Editor’s Note: The following report is excerpted from Joseph Farah’s G2 Bulletin, the premium online newsletter published by the founder of WND. Subscriptions are $99 a year or, for monthly trials, just $9.95 per month for credit card users, and provide instant access for the complete reports.
WASHINGTON – The Department of Defense is not prepared for a cyber war against an “advanced adversary” who could attack critical missions – and there may not be enough money to get ready, Michael Gilmore, Pentagon director of Operational Test and Evaluation, according to Joseph Farah’s G2 Bulletin.
In a report, Gilmore said that the Defense Department’s ability to halt cyber attacks has declined in some cases even though there has been some progress in network defense.
The problems showed up during recent exercises.
“The cyber threat portrayed during assessed exercises remains consistently below that expected from a nation-state level adversary,” the report said.
The exercise also revealed a decline in, among other things, the use of backup files and systems, proper audit logging and effective use of antivirus tools and software.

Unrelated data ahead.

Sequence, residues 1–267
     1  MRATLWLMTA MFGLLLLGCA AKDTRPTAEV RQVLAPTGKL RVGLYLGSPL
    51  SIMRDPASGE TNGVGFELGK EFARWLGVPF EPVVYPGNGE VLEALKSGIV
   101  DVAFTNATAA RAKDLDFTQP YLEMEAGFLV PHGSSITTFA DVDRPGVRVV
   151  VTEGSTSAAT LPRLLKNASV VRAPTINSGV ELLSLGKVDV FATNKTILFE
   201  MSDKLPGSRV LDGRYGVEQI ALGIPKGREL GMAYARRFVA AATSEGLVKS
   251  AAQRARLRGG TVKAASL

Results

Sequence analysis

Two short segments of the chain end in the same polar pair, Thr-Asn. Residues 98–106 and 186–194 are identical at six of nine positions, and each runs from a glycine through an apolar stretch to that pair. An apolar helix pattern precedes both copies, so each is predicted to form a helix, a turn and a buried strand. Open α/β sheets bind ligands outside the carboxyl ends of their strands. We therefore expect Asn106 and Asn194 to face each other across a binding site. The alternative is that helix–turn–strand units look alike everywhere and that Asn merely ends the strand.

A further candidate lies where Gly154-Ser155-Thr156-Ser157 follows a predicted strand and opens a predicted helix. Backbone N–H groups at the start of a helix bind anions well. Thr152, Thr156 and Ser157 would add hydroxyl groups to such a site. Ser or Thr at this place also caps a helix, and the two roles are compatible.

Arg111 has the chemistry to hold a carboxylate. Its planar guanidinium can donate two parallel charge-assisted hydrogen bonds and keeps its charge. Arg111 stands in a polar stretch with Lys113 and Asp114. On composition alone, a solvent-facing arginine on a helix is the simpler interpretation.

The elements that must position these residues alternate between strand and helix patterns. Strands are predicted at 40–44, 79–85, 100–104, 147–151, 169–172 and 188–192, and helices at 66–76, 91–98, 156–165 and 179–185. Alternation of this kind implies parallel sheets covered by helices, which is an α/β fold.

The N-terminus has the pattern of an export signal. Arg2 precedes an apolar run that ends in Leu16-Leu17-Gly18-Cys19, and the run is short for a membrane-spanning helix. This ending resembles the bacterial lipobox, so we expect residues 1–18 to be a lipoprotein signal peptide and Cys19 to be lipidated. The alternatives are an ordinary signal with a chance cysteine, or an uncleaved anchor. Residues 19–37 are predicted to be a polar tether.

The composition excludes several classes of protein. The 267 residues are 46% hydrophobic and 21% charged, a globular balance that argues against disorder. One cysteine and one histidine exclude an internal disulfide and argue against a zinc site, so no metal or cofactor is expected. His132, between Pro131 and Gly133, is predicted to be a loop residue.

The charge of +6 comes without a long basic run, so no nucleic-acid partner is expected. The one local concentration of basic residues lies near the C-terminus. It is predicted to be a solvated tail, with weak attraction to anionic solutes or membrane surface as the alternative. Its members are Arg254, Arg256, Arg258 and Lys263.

In proposing changes, Gilmore said that there will be upgrades to capabilities and the infrastructure of the Joint Information Operations Range but added that budget cutbacks will “likely limit the speed with which these important capabilities are acquired.”
Just as the Pentagon has announced its vulnerability to cyber attack, the Chinese have undertaken a cyber attack on the Defense Department’s Common Access Cards with technology that can steal information from military networks while soldiers work at their desks.
According to sources, the new cyber weapon can get inside individual computers after users open a standard PDF e-mail file.
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